Beatrice Boulu-Reshef, Darden School of Business, University of Virginia
Friday, 16 January 2015
15:00 – 16:30
Store Street Room, One Alfred Place, WC1E 7EB
Mitigating free-riding in organizations is of paramount importance for increasing economic output. In most organizations, leaders are matched with followers to accomplish cooperative tasks, which often conflict with followers’ material payoffs. This paper asks the following question: how does organization style affect leaders’ choices of leadership strategy, and in turn, free-riding? We provide a theoretical framework to study the effect of organization style on leaders’ leadership strategy and report the results of controlled experiments in which we ask leaders to choose messages from a message set that induces a leadership style, and then to send them to participants at the beginning of each round of a repeated and finite horizon public goods game. The design features two leadership styles-top down and collegial-and two forms of communication-public leadership with no communication and public leadership supplemented with private communication between the leader and targeted followers. Leaders provided with collegial leadership style public messages perform better than their top down counterparts, but only when targeted private communication is not allowed. This is consistent with the economics insight on collegiality as a costly way to organize cooperation, but challenges a large literature that promotes collegial leadership. When targeted private communication is possible, top down leaders perform better than their collegial counterparts due to their increased efforts and increased use of public leadership that caters to the contributors and raises the contributions of free-riders. Leadership style affects leaders’ ability to induce a sense of obligation. We find that the key strategic prerequisite to successful leadership strategy is the leader’s ability to extract information about the existence of types of contributors combined with a targeted leadership style that caters to contributors on the basis of performance-based ad hoc coalitions. These findings have important implications for organizational design.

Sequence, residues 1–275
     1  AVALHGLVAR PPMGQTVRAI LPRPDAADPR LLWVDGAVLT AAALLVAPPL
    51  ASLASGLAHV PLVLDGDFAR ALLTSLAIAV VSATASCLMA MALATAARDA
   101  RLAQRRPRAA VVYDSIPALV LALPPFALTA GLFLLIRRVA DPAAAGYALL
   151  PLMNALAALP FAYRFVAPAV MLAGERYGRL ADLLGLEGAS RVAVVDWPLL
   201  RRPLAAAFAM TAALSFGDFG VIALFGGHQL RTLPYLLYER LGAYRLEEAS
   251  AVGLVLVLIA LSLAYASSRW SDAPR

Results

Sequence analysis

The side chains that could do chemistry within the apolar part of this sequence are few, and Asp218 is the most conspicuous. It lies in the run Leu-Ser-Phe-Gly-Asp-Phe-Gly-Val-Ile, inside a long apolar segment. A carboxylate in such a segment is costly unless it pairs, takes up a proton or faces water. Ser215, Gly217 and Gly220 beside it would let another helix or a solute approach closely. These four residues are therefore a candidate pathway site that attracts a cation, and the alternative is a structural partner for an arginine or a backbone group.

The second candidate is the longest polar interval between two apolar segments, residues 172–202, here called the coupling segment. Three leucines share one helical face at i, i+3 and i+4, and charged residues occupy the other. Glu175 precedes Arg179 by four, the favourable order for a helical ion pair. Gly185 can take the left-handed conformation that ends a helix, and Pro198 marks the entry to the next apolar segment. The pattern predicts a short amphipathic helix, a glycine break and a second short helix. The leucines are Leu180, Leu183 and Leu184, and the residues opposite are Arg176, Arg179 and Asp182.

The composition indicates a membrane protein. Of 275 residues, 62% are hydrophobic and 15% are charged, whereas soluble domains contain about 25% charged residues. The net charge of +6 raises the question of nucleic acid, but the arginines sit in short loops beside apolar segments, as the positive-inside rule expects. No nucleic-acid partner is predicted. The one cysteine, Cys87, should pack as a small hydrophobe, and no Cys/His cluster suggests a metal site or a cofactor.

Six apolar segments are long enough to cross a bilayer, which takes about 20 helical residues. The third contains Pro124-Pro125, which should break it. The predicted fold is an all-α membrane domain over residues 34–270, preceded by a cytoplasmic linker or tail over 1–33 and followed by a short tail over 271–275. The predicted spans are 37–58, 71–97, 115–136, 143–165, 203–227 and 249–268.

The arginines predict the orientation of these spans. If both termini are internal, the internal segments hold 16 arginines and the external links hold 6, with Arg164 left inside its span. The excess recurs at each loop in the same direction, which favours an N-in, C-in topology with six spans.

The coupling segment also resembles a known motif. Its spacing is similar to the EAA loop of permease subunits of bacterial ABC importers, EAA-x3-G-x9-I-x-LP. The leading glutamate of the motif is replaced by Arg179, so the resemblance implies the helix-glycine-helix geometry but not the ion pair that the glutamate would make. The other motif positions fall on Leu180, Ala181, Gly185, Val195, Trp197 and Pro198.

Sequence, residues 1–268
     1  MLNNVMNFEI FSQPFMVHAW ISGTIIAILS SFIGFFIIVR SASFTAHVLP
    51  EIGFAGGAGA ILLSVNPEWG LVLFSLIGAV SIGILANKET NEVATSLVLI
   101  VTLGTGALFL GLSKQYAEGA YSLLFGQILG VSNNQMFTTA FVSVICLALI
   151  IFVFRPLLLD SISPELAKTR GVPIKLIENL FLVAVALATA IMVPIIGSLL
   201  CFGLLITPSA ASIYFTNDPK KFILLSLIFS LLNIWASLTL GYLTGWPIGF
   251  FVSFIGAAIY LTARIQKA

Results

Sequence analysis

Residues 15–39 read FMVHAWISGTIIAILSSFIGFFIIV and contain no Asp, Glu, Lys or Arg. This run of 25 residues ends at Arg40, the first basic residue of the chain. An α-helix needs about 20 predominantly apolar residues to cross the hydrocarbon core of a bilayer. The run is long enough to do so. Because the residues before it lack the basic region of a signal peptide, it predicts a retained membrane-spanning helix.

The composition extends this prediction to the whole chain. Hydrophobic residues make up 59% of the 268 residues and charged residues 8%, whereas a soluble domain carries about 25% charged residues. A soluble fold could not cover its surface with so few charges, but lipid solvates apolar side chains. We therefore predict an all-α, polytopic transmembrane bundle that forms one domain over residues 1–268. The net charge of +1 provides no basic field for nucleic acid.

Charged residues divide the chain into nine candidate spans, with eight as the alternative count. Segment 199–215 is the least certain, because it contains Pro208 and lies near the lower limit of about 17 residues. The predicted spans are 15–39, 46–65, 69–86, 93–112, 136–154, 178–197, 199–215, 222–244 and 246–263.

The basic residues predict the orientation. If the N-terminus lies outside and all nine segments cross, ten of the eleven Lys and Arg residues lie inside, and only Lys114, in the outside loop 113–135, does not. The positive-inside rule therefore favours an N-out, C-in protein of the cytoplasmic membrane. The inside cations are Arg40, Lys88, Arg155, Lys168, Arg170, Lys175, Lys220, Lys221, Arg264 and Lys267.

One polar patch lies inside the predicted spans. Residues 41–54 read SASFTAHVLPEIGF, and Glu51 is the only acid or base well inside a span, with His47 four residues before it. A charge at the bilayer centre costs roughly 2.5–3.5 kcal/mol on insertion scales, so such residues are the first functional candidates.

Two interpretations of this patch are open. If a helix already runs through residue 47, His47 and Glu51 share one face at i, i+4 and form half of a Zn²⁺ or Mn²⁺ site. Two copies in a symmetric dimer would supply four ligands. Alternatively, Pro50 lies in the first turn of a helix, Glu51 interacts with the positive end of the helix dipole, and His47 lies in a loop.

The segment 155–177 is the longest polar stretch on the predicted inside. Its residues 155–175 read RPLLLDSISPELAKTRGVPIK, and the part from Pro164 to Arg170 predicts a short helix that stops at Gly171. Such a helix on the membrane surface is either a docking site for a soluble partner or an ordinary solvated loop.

Last updated Wednesday, 14 January 2015